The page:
I'm young. I have barely begun to truly breathe the rejuvenating, healing vapors of freedom that our nation has offered to generations before me. I have yet to be afforded the opportunity to bring children into this world, into this nation, and teach them about the flame of democracy they would one day be trusted to defend. It is not fair that I, and millions like me, must watch as the generations above us take for granted and trample over the promise of liberty and freedom. This is our nation, our democracy, too, not just theirs. In fact, it is more ours than theirs, and yet they feel free to trivialize all the things that matter, all the things that are important and essential to a vital, free society to feed their own egos and pocketbooks. And it makes me despair.

We have to take up Stewart's cry. We have to tell them to stop lying. To stop colluding with the wealthy and powerful and finally serve the people. To stop abusing our trust. To stop appealing to people's basest desires and have some personal responsibility. Stop. Stop, stop, stop, stop hurting America.

Americans are not dumb. We are not fools. We want to be taught, I believe that. We want to know. But we aren't offered the opportunity. We are given cheap entertainment, we are made unknowing johns, seduced by a skillful whore. Pandering -- the English root of the word pander is to pimp. To be a go-between for a sexual liaison.

The media -- left, right, centrist, whatever -- are pimping. Appealing to what is base. Appealing to our weaknesses. Betraying our trust. We mustn't allow this. We mustn't allow them to assault what is good in us. We cannot abide by this continued trivialization, or all that is good about America will perish from this Earth.

I believe what Washington said. I do believe that all humanity has entrusted to Americans the flickering flame of a truly free society, of a great experiment in justice and equality. And I see, every day, the people in power, the generation in control of our destiny, snuffing that flame out without a thought -- in fact, with a glimmer of self satisfaction in their eye. And it does hurt my heart, as it should hurt yours.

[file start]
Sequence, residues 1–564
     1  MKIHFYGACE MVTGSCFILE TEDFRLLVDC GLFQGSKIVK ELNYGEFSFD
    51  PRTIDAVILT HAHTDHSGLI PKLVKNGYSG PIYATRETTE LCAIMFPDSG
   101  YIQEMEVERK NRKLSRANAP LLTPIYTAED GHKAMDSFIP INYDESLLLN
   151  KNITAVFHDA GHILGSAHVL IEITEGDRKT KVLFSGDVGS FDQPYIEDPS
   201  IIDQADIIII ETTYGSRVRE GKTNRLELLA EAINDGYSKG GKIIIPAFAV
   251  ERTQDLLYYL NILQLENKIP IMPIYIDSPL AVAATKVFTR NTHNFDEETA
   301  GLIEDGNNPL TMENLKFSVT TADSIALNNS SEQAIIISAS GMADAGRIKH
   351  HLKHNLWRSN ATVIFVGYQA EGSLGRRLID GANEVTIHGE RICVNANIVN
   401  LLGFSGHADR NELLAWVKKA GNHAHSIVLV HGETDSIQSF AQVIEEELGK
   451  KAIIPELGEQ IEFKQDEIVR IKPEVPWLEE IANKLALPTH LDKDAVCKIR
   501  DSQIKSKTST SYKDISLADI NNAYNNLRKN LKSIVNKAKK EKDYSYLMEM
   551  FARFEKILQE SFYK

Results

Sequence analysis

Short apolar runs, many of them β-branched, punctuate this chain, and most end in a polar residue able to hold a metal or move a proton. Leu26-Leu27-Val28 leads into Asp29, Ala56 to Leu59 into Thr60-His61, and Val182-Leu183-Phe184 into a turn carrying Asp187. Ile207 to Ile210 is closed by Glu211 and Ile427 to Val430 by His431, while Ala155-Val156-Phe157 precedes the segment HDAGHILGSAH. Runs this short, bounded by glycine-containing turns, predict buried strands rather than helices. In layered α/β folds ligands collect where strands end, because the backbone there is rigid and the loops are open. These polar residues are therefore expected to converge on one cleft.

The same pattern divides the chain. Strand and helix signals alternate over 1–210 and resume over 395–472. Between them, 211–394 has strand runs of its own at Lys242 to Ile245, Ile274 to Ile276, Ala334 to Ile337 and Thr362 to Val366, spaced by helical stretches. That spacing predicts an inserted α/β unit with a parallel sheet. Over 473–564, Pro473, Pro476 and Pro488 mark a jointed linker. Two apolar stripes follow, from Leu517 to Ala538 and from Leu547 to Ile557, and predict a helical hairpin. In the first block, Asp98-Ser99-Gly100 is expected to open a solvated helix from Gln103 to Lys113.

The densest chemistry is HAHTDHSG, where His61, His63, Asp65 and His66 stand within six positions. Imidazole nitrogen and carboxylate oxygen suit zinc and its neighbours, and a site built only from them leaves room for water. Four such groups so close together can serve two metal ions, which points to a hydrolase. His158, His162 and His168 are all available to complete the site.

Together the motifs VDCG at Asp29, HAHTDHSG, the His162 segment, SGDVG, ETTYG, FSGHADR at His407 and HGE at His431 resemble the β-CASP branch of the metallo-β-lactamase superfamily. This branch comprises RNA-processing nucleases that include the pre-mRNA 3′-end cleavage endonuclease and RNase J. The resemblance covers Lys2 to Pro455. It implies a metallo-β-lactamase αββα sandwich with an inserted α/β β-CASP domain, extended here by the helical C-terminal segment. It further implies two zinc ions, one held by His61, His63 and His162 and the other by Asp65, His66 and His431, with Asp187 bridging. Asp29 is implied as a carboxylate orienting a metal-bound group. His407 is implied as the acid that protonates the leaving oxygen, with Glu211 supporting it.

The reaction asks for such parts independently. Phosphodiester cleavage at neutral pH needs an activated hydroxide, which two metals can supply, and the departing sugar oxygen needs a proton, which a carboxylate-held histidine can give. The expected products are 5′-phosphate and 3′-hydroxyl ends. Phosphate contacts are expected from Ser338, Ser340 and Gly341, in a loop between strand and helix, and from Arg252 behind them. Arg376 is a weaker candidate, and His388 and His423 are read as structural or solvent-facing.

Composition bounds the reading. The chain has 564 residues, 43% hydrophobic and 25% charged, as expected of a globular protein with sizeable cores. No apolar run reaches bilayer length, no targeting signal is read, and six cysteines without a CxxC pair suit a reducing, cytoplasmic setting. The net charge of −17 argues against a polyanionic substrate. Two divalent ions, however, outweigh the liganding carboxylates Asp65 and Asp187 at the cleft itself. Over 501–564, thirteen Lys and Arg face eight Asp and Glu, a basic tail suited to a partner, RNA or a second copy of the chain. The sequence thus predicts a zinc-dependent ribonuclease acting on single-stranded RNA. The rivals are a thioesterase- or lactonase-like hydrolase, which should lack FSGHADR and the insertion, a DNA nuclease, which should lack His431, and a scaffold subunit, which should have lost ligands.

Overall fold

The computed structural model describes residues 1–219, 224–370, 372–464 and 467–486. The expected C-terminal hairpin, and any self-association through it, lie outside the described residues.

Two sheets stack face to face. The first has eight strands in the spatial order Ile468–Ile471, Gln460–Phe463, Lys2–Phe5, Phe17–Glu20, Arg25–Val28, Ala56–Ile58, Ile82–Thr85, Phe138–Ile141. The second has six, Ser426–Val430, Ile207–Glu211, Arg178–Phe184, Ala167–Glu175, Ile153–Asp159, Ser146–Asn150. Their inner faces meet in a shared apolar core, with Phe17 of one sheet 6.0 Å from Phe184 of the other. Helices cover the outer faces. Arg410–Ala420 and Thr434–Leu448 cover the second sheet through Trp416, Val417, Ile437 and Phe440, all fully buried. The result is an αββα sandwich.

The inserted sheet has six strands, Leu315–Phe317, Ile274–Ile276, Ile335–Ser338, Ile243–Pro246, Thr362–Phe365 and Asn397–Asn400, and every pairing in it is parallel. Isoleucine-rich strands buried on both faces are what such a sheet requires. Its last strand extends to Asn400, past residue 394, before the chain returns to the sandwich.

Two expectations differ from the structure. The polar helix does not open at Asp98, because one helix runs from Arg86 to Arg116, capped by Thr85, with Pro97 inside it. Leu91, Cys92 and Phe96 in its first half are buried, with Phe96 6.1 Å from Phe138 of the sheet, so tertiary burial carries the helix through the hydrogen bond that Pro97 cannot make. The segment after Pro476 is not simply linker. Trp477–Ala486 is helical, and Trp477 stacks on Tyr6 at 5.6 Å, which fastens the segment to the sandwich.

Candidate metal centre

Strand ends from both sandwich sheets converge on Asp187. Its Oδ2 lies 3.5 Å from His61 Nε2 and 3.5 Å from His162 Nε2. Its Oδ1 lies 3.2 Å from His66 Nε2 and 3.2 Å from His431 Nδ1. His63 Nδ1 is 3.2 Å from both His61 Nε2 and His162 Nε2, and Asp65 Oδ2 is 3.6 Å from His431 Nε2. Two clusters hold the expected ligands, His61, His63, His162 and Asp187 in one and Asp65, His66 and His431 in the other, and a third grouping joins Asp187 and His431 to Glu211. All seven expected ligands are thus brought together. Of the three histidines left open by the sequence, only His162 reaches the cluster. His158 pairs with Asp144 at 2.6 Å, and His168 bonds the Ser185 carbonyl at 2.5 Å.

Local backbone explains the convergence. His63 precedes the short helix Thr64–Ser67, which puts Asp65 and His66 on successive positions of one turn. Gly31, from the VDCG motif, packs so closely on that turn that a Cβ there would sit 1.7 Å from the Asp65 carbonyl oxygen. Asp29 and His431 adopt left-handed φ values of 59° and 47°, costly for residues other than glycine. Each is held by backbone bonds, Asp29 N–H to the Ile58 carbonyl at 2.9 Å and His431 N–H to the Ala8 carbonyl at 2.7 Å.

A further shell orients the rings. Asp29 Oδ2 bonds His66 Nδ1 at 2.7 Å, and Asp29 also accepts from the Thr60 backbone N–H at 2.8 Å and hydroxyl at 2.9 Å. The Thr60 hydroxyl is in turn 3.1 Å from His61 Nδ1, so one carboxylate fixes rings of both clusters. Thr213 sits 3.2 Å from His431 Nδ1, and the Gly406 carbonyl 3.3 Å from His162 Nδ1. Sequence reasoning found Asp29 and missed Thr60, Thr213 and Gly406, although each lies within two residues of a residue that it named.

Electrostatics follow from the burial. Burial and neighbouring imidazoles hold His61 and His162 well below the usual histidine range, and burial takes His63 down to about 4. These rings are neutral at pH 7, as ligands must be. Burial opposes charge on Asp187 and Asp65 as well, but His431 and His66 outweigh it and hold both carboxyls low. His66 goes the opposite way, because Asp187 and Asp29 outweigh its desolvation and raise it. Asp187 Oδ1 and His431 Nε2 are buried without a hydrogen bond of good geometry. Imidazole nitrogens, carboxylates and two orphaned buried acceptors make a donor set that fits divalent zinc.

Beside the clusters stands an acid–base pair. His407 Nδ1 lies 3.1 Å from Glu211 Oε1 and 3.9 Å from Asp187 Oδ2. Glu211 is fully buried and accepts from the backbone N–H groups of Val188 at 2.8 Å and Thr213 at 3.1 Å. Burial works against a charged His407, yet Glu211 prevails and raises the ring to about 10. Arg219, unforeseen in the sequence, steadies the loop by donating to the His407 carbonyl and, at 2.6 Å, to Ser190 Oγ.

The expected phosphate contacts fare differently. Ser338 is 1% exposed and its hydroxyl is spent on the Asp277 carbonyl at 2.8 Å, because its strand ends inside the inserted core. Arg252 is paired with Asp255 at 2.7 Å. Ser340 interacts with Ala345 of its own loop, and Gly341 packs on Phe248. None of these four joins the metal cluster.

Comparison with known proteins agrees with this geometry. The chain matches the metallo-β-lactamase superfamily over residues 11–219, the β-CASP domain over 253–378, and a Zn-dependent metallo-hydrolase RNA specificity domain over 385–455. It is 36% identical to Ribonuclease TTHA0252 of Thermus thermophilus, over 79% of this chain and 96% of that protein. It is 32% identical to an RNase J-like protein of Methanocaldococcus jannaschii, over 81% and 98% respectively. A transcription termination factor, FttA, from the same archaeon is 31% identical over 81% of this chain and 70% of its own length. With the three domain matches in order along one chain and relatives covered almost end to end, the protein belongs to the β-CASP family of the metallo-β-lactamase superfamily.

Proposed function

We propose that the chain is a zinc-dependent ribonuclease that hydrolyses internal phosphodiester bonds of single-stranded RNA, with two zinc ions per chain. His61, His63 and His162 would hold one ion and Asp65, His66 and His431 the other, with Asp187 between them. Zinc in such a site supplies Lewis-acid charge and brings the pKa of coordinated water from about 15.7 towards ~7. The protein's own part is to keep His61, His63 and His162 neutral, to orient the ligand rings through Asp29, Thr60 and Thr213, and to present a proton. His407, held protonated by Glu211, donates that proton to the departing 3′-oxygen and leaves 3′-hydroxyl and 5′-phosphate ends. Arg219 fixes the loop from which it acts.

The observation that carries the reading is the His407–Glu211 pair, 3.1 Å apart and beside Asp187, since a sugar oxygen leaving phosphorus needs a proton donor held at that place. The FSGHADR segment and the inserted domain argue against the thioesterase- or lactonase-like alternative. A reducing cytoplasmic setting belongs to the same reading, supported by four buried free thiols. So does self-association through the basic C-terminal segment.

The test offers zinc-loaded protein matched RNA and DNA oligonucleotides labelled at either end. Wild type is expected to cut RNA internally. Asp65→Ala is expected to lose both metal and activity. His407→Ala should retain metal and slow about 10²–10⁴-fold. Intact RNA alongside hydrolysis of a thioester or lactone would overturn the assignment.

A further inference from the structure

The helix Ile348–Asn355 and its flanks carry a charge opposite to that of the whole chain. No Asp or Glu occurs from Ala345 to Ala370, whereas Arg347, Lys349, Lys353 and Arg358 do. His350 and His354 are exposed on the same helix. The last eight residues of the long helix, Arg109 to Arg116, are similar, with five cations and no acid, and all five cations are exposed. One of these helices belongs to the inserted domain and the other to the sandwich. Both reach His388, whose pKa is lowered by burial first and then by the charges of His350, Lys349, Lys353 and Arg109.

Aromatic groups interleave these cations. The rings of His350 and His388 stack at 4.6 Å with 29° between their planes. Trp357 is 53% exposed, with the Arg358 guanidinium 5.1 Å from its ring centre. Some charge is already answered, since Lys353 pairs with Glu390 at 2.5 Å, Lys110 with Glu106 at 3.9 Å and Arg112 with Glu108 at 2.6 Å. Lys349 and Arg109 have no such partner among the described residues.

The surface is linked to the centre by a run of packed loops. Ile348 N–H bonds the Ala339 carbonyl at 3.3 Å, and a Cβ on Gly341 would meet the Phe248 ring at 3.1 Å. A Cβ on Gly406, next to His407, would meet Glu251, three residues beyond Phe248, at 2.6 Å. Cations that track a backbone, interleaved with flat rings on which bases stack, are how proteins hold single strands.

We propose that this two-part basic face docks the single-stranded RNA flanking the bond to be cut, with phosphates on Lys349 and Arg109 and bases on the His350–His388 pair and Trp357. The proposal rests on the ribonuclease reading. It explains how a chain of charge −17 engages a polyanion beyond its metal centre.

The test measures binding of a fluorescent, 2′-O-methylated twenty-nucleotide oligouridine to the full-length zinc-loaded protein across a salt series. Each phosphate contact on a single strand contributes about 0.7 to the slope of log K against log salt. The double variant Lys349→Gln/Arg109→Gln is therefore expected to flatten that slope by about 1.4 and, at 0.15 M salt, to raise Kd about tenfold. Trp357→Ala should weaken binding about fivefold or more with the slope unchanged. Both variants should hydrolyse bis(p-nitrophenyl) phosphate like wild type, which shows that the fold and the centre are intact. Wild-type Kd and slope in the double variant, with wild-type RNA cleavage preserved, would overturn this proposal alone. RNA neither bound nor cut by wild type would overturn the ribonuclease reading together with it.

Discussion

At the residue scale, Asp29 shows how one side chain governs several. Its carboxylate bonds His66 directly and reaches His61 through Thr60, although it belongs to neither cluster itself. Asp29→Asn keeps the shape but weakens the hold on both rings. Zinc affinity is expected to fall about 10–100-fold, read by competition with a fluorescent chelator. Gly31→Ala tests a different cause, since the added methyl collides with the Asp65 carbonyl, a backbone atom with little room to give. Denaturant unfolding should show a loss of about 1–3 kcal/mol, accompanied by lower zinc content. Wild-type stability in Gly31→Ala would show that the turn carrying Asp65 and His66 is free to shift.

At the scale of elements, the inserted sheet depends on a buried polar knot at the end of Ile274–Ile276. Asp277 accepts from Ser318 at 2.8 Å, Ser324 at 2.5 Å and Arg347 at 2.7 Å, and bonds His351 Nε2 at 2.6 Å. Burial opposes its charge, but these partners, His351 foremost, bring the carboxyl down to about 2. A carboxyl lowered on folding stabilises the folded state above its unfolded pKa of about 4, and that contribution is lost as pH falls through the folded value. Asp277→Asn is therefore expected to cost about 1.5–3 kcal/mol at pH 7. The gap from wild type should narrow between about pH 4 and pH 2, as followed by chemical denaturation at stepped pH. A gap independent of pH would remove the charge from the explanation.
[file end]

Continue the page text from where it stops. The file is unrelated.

How can we let this be? How can we let this happen? I cannot stand for it to happen in my short time on this Earth. None of us are long for this Earth. We will meet our Creator and have to answer for our actions. And history may judge our actions for the good or the bad, but inaction is worse: It makes us ciphers, and no human activity is lower than a shrug.

I don't quite know what is to be done, but something must be done, mustn't it? Something can be done -- and for those who tell you otherwise -- don't you believe it.

In my history book is a cartoon from the 1920s. In that cartoon, a majestic, beautiful woman, peace and liberty personified, leads a sad, resistant little globe by the hand. The globe wore a label, "The Wicked World."

We bear a great responsibility, a responsibility to lead the wicked world towards a brighter future. Believe it, know it, that there is a war, a war against the worst instincts in ourselves. Only by winning that war can we protect the flame of the American experiment. In this war, as Gandhi once said, we must be soldiers, but soldiers of peace.

And in this war, we must be armed with vision, we must speak as one voice emboldened by nobility of purpose.

Let it never be said that we flunked our duty to humanity to protect that sacred flame.

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About the Author(s)

Ramsin Canon covers and works in politics in Chicago. If you have a tip, a borderline illegal leak, or a story that needs to be told, contact him at .